This year, I filled approximately three composition books cover-to-cover, mostly with first-draft, stream-of-consciousness music and film reviews. As I mentioned in 2001, I never took the time to develop these scribbled assessments into pieces anyone else would actually want to read. Paging through them now, that’s a shame. Early in the year, I wrote a review of Concrete Blonde’s first reunion album, Group Therapy, which I approached carefully, skeptically. Three years later, I probably haven’t listened to it in well over a year (or two), but reading through that initial review now, I want to hear it again, which is always a good measure of an engaging, well-written critique.

My first serious relationship ended that June. Although its demise seems painfully inevitable to me now, at the time it had all of the bludgeoning force of a Monty Python sixteen-ton anvil abruptly dropping from the sky, only without the laughs. I hate to linger on it—after all, as Black Box Recorder’s Sarah Nixey sang (without a hint of pity) two years earlier, “Nobody goes through life without getting hurt,”—but it irrevocably colors this year in my memory like an impenetrable black cloud. The week it happened, I barely mentioned it in my writing notebook; I think I was a little shellshocked and wary of leaving a record of my then-mental/emotional state that I might regret revisiting at a later date. Instead, I wrote about Belle and Sebastian’s recently released Storytelling soundtrack, picked up a used copy of The Housemartins’ London 0 Hull 4 at the Davis Square CD Spins, and life went on.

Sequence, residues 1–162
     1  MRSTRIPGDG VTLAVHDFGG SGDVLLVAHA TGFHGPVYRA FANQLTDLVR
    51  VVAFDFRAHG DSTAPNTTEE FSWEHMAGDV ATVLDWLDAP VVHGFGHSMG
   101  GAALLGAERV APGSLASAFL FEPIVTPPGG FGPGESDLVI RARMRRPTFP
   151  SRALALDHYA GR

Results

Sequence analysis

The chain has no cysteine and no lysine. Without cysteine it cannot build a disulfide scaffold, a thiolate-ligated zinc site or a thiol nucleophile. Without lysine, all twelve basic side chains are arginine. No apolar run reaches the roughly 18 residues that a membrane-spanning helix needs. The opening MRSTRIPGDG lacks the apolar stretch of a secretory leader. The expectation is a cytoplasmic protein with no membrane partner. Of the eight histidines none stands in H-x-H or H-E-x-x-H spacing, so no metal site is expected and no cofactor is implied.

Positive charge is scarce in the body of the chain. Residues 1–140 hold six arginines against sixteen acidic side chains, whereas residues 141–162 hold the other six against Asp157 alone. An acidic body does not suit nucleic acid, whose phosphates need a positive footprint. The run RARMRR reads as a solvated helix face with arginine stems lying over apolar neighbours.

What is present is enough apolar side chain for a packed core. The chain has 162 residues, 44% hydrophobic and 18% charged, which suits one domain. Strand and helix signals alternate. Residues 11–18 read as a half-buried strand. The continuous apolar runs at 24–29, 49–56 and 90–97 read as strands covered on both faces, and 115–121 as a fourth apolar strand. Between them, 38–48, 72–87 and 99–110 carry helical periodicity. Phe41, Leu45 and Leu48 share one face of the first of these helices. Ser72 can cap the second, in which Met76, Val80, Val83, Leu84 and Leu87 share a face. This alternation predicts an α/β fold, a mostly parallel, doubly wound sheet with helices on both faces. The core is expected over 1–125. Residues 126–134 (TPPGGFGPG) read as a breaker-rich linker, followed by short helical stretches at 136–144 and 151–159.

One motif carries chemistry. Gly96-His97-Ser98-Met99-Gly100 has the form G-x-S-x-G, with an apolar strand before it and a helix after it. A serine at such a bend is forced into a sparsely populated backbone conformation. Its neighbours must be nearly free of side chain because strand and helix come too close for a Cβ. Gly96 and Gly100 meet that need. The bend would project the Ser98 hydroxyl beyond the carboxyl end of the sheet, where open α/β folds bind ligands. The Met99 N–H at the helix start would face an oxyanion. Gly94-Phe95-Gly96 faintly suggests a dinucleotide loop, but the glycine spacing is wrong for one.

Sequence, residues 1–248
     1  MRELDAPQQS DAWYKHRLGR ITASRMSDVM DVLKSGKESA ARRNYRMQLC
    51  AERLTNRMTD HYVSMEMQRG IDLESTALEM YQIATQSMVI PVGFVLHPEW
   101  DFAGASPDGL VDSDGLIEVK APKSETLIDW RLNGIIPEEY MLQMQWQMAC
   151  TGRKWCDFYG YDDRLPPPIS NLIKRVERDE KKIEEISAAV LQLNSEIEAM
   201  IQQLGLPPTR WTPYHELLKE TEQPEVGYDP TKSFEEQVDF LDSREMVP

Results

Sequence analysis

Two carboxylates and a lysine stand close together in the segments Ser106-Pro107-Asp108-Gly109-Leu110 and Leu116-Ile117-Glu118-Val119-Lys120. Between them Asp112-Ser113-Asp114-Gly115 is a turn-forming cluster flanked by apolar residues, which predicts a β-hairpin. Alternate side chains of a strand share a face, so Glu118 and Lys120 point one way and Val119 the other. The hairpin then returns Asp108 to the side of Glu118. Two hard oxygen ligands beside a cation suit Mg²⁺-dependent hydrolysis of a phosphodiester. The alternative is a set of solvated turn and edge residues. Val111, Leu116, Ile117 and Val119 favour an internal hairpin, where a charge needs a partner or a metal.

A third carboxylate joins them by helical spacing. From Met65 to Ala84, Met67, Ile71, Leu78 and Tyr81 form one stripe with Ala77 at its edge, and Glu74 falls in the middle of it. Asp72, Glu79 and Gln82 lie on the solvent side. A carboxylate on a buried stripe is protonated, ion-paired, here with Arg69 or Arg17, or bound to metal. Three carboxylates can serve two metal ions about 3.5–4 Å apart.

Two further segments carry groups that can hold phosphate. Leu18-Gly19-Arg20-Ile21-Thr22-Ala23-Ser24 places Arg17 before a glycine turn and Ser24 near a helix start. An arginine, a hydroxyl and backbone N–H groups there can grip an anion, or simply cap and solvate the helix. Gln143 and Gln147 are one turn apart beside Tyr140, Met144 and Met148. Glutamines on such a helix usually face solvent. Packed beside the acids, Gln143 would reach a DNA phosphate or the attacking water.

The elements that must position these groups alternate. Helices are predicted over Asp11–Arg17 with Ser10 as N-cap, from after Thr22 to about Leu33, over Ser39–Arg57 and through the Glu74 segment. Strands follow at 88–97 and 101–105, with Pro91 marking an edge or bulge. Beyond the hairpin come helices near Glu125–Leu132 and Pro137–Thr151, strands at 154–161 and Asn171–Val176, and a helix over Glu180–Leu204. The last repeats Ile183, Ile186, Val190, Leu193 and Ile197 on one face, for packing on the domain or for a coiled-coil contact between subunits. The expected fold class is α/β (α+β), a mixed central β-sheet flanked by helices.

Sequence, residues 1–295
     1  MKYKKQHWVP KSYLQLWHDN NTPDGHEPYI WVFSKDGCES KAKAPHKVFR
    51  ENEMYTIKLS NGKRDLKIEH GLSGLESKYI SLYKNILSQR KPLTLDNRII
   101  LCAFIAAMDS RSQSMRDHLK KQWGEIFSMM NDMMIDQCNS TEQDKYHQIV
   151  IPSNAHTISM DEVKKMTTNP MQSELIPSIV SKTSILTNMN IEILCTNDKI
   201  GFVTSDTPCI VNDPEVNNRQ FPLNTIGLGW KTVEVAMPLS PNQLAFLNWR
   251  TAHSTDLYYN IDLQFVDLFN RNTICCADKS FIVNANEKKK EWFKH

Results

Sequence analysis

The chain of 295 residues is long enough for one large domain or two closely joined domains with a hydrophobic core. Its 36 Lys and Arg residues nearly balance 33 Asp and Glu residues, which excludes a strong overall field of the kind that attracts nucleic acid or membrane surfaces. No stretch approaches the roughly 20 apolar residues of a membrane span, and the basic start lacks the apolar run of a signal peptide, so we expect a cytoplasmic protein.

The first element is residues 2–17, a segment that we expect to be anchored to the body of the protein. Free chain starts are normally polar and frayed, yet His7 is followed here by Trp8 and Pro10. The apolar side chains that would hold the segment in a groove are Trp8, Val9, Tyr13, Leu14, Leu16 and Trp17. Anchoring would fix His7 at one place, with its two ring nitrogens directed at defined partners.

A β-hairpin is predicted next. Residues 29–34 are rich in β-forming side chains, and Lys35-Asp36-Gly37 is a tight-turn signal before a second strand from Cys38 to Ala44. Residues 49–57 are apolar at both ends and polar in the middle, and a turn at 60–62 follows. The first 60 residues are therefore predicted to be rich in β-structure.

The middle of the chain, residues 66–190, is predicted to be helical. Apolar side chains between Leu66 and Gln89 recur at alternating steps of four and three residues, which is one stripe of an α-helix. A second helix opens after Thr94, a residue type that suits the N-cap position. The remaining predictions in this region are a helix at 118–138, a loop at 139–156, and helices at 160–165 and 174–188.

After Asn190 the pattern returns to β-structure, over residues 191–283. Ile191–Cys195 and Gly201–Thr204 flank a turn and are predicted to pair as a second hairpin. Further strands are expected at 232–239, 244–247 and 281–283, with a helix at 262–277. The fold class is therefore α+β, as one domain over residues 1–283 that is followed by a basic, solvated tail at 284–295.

How ironic that one of the suckiest years of my life produced an overstuffed cornucopia of monumental, excellent new albums: Stew’s The Naked Dutch Painter… and Other Songs, The Mekons’ OOOH! (Out Of Our Heads), Sleater-Kinney’s One Beat, Wilco’s Yankee Hotel Foxtrot, Badly Drawn Boy’s soundtrack for About A Boy, Alison Moyet’s Hometime, and Tori Amos’ miraculous return to form, Scarlet’s Walk. One Beat arrived in mid-August, right when I needed it. Angry, defiant, passionate, uplifting and LOUD, it was absolutely fucking therapeutic for me: a soundtrack for many lengthy, have-to-get-out-of-this-goddamn-apartment-I’m-living-in-with-my-ex-boyfriend walks through leafy, subdued Watertown and Belmont. It never failed to make me feel invincible, or at least a little better.

It’s fitting that right after everything fell apart in my personal life, I began volunteering at the Brattle Theatre one night a week. This humble activity was really the genesis for establishing an identity away from the ex and my entrance into the Boston film geek inner circle. It surely cemented the notion that I loved film just a teensy-weensy bit more than music. The writing notebooks also support this, with film reviews outnumbering music reviews two-to-one. Obviously, I didn’t abandon scouring multiple libraries and used record stores every week for new stuff to listen to—I don’t think I ever could—but it’s safe to say that at this point, I knew I wanted film to provide the basis for my career (rather than boring admin stuff), whereas music would always remain just a hobby, albeit a mildly obsessive one.

By autumn, I felt overwhelmed by the writing notebooks. I wasn’t getting anywhere in my feeble attempts at sifting through all the crap I’d produced in order to retrieve golden phrases and ideas. I’d wanted to start my own website for awhile, but how, man, how? So, after reading an article by Kate Sullivan in the Da Capo Best Music Writing 2002 anthology, I found out she had something called a “blog” when I referenced her name in the book’s list of contributors. Weeks later, via Blogspot, I started my very own (The one you’re reading right now! Imagine that!). The first couple postings were predictably crude and innocuously cute, but it proved, as I’d hoped, an invaluable tool to push me beyond those illegible first drafts and share my thoughts on a particular movie or song with a potential audience—whether anyone wanted to hear them or not.